Monthly Archives: February 2018

Review of Bearly Awake (Providence Paranormal College #1), by D.R. Perry

I picked up a copy of Bearly Awake, by D. R. Perry, from Amazon. It was free at the time.

Description from Goodreads:
Bobby Tremain’s life used to seem charmed, but since his dad’s crippling accident, he has an avalanche of problems. He’s the first in his family to have a shot at college, also the first to head north of Louisiana. An early snow calls his Bear to hibernate a week before finals, but he needs to pass or he flunks out of Providence Paranormal College.

Lynn Frampton’s loneliness is almost more than she can take. She went to college on the other side of the country to get away from the persistent curse of unpopularity in a small town. Once at college, Lynn’s prickly personality has pushed everyone away yet again. At least, she’s at the top of her class.

Bobby needs Lynn’s help to stay awake and pass his exam, and she discovers she needs companionship more than she’d ever imagined. Lynn’s all set to transfer to a school back home, but Bobby thinks she’s his mate. Can he keep awake long enough to pass, and more importantly, convince his love to stay?

So, this wasn’t necessarily bad. It fit the bill of being fluffy and non-taxing, which is what I wanted when I picked it up. But I didn’t feel like it held together very well. The plot jumps around and a fairly large mystery isn’t solved. Worse though, was the main character, Lynn. She’s supposed to be smart and sassy and snarky and sarcastic. I know this because her internal monologue tells me, the reader, about it a dozen times. But I just found her unpleasant. Sure, there’s some fun nerdiness, that I and a large portion of the female populace recognize and appreciate. But it’s treated like she’s something special for it. And her constant, “I’m not like other girls because I’m smart,” is a blatant insult. It infers that other women aren’t smart. Duh. Basically, it felt like the author was trying way too hard to be funny and it just fell flat on its face.

Review of The Black Tides of Heaven (Tensorate #1), by J. Y. Yang

I borrowed a copy of J. Y. Yang‘s The Black Tides of Heaven (The Tensorate Series) from my local library.

Description from Goodreads:
Mokoya and Akeha, the twin children of the Protector, were sold to the Grand Monastery as children. While Mokoya developed her strange prophetic gift, Akeha was always the one who could see the strings that moved adults to action. While his sister received visions of what would be, Akeha realized what could be. What’s more, he saw the sickness at the heart of his mother’s Protectorate.

A rebellion is growing. The Machinists discover new levers to move the world every day, while the Tensors fight to put them down and preserve the power of the state. Unwilling to continue to play a pawn in his mother’s twisted schemes, Akeha leaves the Tensorate behind and falls in with the rebels. But every step Akeha takes towards the Machinists is a step away from his sister Mokoya. Can Akeha find peace without shattering the bond he shares with his twin sister?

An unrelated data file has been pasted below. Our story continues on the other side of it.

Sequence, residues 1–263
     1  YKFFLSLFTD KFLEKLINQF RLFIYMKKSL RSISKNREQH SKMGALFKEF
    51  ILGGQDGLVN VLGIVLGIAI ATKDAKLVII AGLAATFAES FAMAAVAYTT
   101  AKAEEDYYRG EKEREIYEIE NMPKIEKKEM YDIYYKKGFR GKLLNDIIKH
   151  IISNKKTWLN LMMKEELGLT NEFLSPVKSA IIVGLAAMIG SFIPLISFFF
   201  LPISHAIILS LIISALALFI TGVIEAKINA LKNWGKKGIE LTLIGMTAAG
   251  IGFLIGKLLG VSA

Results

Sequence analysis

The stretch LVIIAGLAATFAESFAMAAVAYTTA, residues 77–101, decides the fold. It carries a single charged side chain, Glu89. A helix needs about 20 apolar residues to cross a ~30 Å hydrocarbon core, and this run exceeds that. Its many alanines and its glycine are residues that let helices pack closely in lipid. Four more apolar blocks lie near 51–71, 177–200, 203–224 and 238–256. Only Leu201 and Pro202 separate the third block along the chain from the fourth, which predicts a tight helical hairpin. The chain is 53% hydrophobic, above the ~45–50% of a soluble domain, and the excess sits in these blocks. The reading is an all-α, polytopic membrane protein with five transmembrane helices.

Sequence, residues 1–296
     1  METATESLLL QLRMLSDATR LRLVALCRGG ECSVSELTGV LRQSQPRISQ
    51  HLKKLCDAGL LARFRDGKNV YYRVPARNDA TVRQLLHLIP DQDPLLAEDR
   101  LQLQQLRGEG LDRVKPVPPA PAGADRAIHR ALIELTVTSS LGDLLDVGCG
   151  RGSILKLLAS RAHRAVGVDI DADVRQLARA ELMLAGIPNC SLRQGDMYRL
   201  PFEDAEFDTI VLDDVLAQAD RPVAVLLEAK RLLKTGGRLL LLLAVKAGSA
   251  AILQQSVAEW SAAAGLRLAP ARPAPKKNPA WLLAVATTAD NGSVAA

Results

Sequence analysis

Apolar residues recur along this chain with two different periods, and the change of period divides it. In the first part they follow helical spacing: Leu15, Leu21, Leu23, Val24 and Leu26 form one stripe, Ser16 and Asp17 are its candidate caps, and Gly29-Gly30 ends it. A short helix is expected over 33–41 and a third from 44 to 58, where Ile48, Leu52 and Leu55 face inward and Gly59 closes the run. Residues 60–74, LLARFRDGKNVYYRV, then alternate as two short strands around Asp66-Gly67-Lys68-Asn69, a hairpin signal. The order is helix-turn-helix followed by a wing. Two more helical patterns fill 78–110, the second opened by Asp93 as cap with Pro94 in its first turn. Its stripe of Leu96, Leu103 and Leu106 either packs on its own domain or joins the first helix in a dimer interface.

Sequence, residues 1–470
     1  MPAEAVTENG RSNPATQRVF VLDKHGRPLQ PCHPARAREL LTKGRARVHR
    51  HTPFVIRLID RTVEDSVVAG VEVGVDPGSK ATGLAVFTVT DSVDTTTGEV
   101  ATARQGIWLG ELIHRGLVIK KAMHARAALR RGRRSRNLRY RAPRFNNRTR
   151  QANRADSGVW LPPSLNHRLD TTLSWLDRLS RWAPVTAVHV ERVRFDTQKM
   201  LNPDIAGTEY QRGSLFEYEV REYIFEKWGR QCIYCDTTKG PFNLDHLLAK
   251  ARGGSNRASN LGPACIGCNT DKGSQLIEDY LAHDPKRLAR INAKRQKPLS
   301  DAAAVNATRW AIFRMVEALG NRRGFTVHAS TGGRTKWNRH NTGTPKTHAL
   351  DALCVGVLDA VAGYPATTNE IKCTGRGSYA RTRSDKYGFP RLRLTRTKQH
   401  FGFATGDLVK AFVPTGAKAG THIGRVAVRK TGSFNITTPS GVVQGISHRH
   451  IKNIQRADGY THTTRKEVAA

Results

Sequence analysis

I so wanted to love this more than I did. I liked it, ok, but I didn’t love it. In fact, I checked out book one and two from the library and, though I enjoyed book one, I still returned book two (The Red Threads of Fortune) unread. I liked the non-western fantasy setting. I liked the genderless children (even it the singular use of they clashed with the plural they on occasion, since there were two main characters). The writing is lyrical and I liked that too. But when it comes right down to it, I’m not a fan of that sparse writing style common in Chinese writing. This book covers 30+ years in a novella. As a result I never felt I really got to know the characters or was invested in the building rebellion. I’m claiming no lack of quality. I can sense that it’s well-written. This just isn’t a style I personally like very much.

Review of Cotton & Indigo from Japan, by Teresa Duryea Wong

I received a copy of Cotton & Indigo from Japan, by Teresa Duryea Wong for review.

Description from Goodreads:
More than 300 colorful photos and behind-the-scenes details reveal the fascinating story of Japan’s cotton and indigo, and their enormous contribution to fiber arts worldwide. Learn how Japan and its top fabric designers, quilters, scientists, and artists combinetradition and high tech to weave the thread, fabrics, and stunningdesigns that are so coveted in today’s fiber art world. Take a tour of Japan’s elite textile printing mills to understand why Japan is considered the world’s finest producer of quilting cotton. Learn where all this cotton comes from, and its close connection to another prized plant, indigo. Dozens of beautiful fabric designs and quilts by Shizuko Kuroha, Keiko Goke, Yoshiko Jinzenji, Yoko Saito, and others are featured, as well as cotton and indigo folk textiles through the ages. This journey gives a deeper understanding of the connection between contemporary textile art and Japan’s cotton, indigo, and traditions.

I initially wrote a review that said, “Very cool book with gorgeous pictures and a lot of interesting history. This is worth picking up if the subject interests you. I appreciate it as both an informative book and simply as a pretty coffee table book.” But last night I got the chance to go through the book with my aunt, who is a big quilter and worked many years in a fabric shop, largely for the love of it. Hearing her ooh-and ahh, lovingly touch some of the photos, and tell me, “This is a great book, really thorough about the terminology and regionality.” confirmed what I already knew. This is a book worth having. It has two Forsythe seals of approval.